Phase Contrast Microscopy

Phase Contrast Microscopy

Introduction to Phase Contrast Microscopy

  1. Phase contrast microscopy, first described in 1934 by Dutch physicist Frits Zernike.
  2. Contrast-enhancing optical technique that can be utilized to produce high-contrast images of transparent specimens.
  3. Such as living cells (usually in culture), microorganisms, thin tissue slices, fibers, glass fragments, and sub cellular particles (including nuclei and other organelles).
  4. The phase contrast microscopy is a special adaptation of the light microscopy & helps to obtain a clear picture of living or unstained cells.
  5. The adaptors convert minute difference in phase changes in transmitted light due to refractive indices of all cell organelles in to perceptible shades of grey.
  6. This allow organelles of the living cell to become visible with fair contrast in them. 
Phase Contrast Microscopy

Annular Ring and Phase Ring

ANNULAR RING : is between condenser and light source.
PHASE RING : is between objective lense and image plane.
SPL PROPERTY : both the rings allow partial light to pass through it and the rest is blocked.

Annular ring and Phase ring

Working principle

  1. Regions of different composition likely to have different Refractive indices. Normally such differences cannot be detected by our eyes. However, PCM converts differences in μ into  differences in intensity (relative brightness and darkness) which are visible to eye.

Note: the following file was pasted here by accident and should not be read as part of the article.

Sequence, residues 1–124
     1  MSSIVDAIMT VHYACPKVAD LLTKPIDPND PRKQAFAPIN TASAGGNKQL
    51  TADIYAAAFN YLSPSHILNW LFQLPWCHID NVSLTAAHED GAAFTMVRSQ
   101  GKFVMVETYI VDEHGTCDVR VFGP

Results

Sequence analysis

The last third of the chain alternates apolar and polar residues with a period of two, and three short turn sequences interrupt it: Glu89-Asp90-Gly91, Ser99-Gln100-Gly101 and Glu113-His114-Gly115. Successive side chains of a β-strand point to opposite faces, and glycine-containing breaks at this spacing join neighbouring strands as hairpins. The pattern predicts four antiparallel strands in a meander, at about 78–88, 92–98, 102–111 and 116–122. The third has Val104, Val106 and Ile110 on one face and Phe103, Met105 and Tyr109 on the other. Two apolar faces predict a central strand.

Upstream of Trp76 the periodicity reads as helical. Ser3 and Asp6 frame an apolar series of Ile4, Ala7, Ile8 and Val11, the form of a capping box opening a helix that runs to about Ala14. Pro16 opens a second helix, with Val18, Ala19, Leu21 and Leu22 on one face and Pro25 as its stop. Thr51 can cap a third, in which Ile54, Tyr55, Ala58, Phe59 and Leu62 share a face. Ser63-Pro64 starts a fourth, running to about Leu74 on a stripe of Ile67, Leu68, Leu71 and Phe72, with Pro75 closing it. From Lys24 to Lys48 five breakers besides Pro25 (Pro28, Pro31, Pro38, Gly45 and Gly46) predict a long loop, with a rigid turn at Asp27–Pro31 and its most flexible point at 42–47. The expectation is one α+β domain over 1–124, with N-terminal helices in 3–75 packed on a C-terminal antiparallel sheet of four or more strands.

2. Interference of light: interaction of two light waves which leads to the formation of resultant wave  Constructive interference  Destructive interference 
  3. Light passes through the condenser via annular ring.
  4. After reaching the specimen plate two types of beams are formed.
  5. If there is no specimens in lens : Surrounding waves (S), Particle wave (P)  P=S  NO INTERFERENCE.
  6. If lens contain sample: Light beams gets diffracted because of different density at different regions of sample.  1) Surrounding wave (S)  2) Diffractive wave (D),  P=S+D  Either constructive interference or destructive interference may occur.
  7. The ring shaped illuminating light that passes the condenser annulus is focused on the specimen by the condenser.
  8. Some of the illuminating light is scattered by the specimen, The remaining light is unaffected by the specimen and forms the background light in a phase contrast microscope.
  9. The image contrast is improved by two different methods: 1) Negative Phase Contrast 2) Positive Phase Contrast. 

Negative Phase Contrast produces destructive interference: Thus, the image obtained is:
* Inner region of the sample - Bright
* Outer region of the sample - Darker
* Surrounding lens - Opaque

Positive Phase contrast produces constructive interference, Thus the image of the specimen obtained is:
* Inner region of the sample -Darker
* Outer region of the sample - Brighter
* Surrounding lens - Opaque



  1. Small unstained specimens such as a living cell can be seen.
  2. It makes highly transparent objects more visible.
  3. Examining intracellular components of living cells at relatively high resolution.
  4. Example:- The dynamic motility of Mitochondria, Mitotic chromosomes & vacuoles.
  5. It made it possible for biologists to study living cells and how they proliferate through cell division.

Phase Contrast Microscopy

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